Follow this link to find a short clip and analysis that considers intersections of privilege and colonialism.
AND??? WRITE IT DOWN, TAKE A SCREENCAP, IDGAF.
The 10 Worst Habits Holding You Back From Success
1. Waiting for the ‘right’ moment
How many times have you said, “I’m just going to wait until I have enough money saved up,” or “I need to research more.” As the Chinese proverb goes, “The best time to plant a tree was 20 years ago. The second best time is now.”
Stop waiting for the unicorn and take the bull by the horns now. Any action is better than no action.
2. The approval of others
While it is important to receive validation for your work, constantly seeking that pat on the back from others will get you nowhere. Do not feed into the ego of your ever-needy self-esteem. It is nice to receive good comments on your work. But do not mix up what is good for the ego for what is good for your productivity.
3. The need to always be perfect
Perfectionism is crippling. By all means strive for excellence and seek to produce the best product you are able to deliver. But spending far too much time on any task can become detrimental when you have people waiting for you to deliver. If your work meets their expectations, then drop the product. If you exceed it, even better. But do not keep them waiting too long. You could spend an eternity improving a product.
4. Giving too much respect
Even Einstein made mistakes. Just because someone is in a prominent position, it does not mean they have all the answers. This habit cripples many people who listen to ‘respectable’ figures who are in a completely different field to them.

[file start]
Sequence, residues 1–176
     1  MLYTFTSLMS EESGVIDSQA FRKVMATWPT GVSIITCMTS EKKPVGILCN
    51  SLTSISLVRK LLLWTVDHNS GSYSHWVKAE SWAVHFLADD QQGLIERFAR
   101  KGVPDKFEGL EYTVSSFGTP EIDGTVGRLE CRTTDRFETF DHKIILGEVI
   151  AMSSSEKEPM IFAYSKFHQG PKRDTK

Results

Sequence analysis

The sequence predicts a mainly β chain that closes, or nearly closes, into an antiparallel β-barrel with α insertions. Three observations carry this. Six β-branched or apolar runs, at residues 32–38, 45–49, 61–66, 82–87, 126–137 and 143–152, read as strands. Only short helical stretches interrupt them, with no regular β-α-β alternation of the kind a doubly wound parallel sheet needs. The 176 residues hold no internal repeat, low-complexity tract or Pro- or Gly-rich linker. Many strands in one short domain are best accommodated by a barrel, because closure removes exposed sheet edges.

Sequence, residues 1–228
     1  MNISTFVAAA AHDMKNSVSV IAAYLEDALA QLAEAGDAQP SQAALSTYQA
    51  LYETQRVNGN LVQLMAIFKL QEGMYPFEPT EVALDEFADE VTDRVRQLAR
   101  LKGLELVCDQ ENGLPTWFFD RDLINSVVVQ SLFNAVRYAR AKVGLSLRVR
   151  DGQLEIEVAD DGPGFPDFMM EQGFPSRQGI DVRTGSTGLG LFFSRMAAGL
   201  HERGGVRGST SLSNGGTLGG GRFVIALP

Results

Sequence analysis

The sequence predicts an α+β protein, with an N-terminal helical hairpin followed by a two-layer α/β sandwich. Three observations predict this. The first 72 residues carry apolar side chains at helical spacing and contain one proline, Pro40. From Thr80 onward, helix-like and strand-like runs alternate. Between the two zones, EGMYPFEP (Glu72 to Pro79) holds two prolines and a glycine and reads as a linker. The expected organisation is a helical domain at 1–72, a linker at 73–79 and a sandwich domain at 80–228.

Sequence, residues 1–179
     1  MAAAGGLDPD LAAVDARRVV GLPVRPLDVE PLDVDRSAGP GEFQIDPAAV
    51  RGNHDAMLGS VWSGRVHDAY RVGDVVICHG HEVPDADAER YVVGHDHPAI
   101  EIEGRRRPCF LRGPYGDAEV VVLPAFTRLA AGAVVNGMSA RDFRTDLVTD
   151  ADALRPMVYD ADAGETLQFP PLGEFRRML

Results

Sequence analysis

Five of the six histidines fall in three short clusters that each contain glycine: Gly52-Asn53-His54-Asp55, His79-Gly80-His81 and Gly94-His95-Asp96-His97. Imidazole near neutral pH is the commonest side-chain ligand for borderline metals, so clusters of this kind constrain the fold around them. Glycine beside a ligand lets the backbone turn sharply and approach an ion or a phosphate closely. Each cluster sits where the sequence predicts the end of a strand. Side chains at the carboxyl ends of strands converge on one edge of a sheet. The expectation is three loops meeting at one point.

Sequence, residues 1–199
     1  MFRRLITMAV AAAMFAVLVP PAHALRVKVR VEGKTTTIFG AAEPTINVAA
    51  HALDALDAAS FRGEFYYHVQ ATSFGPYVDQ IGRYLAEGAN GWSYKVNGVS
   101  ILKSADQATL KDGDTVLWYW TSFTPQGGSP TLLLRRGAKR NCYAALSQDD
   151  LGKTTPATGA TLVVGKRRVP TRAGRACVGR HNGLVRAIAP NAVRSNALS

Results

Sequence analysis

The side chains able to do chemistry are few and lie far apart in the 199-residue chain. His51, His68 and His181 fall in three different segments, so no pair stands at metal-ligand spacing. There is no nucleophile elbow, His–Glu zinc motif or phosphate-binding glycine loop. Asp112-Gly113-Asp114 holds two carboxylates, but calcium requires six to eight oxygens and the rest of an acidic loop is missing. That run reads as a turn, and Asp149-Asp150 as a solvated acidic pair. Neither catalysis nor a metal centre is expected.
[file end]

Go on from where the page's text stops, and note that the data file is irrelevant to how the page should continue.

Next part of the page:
How many times have you seen an actor endorsing a product they know nothing about and people listening just because they are famous? Terrible habit.
It should not only be great leaders that aren’t afraid of getting their hands dirty, but anyone striving after success. Getting your hands dirty means engaging in a task that is outside of your responsibility.
Win the respect of others by doing something beyond your duty.
6. Not learning from people ‘less’ than you
Pride is like putting poison into your own glass of water. Great knowledge can come from anyone. But if you simply shut someone off because they do not have a PhD or they are not a CEO, you are potentially robbing yourself of a golden nugget. You never know what kind of experience a person has or who the person may be connected with.
7. Rushing the last look
You are so excited with finishing your work that you just want to ship it straight out the door without giving it a final once-over. This is the Achilles Heel for most writers. But what separates a good writer from an average writer is patience- many writers will let an article sit overnight and then make more edits in the morning before sending it. This applies for other industries also, take time to give it one last thorough check. Even get someone else to have a look before you ship or hit the send button.
8. Not being vulnerable
It is easy to feel the need to put on a mask in your career, particularly if you are in leadership. No doubt there is a clear line that needs to be drawn between employers and employees. But you need to take off the iron suit every now and then.
Admit to making mistakes, make apologies when you are in the wrong. You will be respected.
9. Too stubborn to let go
While grit, tenacity, and perseverance are all great qualities, they can be crippling when they are directed toward the wrong goal. This is difficult with any project that you have poured your heart and soul into. But if it is not profitable nor bringing you closer to your goal, then you need to recognize when you are being stubborn and let go. Treat any humiliation like water off a duck’s back and direct your energy toward the next project.
10. The contentment plateau
There is a dark side to being satisfied with your work and accomplishments. Being content and comfortable is the enemy of improvement. Take time during your journey to stop and smell the roses, but do not let be left standing there when the roses are long gone.
Keep setting the bar higher. Knock down a goal, celebrate it, move on.
Author: Thai Nguyen - Site
Do you ever have a problem where you just don’t know how to reply to an argument, not because you don’t know the answer, but you just don’t know where to begin? Like, the foundation of knowledge you’d need to impart to this person before you could even begin to drag them out of their sinkhole of ignorance would cost thousands of dollars if it were coming from a university?